Seasoning your food well is important because the meat has to go through so much before the flavor ever gets on your tastebuds….Just add the ingredients and mix it up and then make that the final dip for your steak.
5. Apply the Breading…’Do NOT bread your meat until you’e ready to put it in the hot oil.
Once the oil is hot and ready, pat the steaks one last time with paper towels.
Dip the first steak into the three different dishes, in the order that they should be arranged in—plain flour, egg and milk mixture, seasoned flour. Pat the flour onto the steak well.
Do not bread up more steaks than you can cook right now.
6. Add the Meat to the Heated Skillet…Gently place the floured steak into the oil. You should hear a sizzling sound if your oil has been properly heated.
Do NOT overcrowd the pan. Never cook more than two steaks in the same pan at the same time. The steak should cover no more than a fourth of the pan. The other fourth should be simply oil.
Make sure that the oil stays at the right temperature once you add each steak…and throughout the cooking proicess.
7. Cook the Meat…Cook the steaks to cook about three minutes per side,. Once cooked, transfer to a cookie sheet in the preheated oven. Do not stack steaks on top of each other. This will mess up your breading.
8. Make the Gravy…After you finish cooking all of your steaks, turn off the oven so that they will not burn while you are making your gravy.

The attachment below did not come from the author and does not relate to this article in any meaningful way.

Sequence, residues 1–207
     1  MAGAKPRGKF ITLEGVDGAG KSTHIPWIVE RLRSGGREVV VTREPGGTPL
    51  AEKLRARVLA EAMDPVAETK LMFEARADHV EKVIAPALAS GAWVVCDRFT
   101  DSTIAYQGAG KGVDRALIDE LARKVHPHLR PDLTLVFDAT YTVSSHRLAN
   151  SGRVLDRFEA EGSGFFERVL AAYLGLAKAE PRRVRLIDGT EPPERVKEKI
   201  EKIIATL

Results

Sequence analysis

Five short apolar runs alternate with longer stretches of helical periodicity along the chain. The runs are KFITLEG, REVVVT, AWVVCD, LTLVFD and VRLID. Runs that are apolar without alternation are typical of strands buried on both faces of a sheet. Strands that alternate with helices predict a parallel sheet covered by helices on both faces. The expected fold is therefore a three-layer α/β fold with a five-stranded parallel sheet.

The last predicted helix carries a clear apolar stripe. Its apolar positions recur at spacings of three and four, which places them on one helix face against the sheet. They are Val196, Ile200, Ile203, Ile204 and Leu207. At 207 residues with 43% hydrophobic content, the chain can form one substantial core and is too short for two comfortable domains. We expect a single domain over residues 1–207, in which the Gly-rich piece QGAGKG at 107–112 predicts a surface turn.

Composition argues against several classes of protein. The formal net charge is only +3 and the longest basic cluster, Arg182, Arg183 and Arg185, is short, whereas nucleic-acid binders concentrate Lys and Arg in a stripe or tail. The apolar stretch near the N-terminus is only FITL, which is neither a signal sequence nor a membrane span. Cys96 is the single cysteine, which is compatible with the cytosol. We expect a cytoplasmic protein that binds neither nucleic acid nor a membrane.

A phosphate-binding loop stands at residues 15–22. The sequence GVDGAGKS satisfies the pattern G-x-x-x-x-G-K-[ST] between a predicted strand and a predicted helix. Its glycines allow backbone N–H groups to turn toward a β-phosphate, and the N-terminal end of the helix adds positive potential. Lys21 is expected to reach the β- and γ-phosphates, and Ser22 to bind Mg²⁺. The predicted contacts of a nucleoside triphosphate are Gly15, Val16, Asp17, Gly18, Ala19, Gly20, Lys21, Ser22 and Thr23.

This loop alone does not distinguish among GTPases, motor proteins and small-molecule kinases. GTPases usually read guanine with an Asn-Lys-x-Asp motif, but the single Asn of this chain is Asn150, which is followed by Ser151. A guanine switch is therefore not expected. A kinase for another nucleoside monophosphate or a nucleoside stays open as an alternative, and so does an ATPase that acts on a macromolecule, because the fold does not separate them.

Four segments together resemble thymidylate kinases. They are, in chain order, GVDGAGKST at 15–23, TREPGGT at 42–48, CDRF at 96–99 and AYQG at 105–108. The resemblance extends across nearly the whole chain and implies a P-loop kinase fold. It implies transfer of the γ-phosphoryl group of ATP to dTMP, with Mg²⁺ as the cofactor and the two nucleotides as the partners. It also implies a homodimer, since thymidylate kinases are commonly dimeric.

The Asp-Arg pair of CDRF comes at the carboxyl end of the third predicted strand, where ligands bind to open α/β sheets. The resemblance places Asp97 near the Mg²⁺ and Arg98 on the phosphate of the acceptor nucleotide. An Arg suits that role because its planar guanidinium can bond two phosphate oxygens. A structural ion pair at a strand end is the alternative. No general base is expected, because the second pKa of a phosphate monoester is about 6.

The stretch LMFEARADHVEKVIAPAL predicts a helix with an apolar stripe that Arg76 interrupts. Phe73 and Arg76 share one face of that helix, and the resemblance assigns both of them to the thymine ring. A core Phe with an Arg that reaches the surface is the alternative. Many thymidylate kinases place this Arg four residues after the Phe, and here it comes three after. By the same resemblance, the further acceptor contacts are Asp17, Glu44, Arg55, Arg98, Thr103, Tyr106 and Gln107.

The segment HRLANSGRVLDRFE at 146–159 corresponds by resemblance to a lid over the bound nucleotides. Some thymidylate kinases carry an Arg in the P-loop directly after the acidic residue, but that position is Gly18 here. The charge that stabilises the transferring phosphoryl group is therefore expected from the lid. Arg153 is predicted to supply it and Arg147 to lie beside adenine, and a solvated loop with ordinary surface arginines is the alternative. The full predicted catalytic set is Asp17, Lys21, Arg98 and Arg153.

Pour off the grease from the pan that you cooked your steaks in, leaving any little bits of steak and perhaps a few tablespoons of grease in the pan.
Add 2Tbsp flour to the pan. Cook on the stovetop over medium-high heat two minutes. Cooking the flour by itself for a minute or so will take that dry flour taste out.
Add 3C milk to the pan. Constantly stir the milk using a wooden spoon, scraping any flavorful bits from the bottom of the pan as you do so.
Once the gravy starts boiling, turn the heat down to medium or medium low. Keep cooking and stirring until thickened. Season with salt and pepper to taste.
Okay, I know that this is ultimately supposed to be a blog about diabetes…and raw foods…and creating a healthy minimalistic lifestyle that is “politically correct”…
But being from Mississippi, there is one food that I will never give up…
Now that we are fighting Type 2 Diabetes in our household, the times that I make fried chicken will probably be few and far between.
But when I do make fried chicken at home, I want to make sure that it is done right…
So let’s look at the steps involved…
1. Arranging the Work Area…Instead of grabbing three bowls and arranging them as close together as possible so that food won’t drip all over your countertop while you are working, simply grab a big brown paper sack.
Also choose which pan you are going to use—preferably a 12″ cast iron skillet with a lid.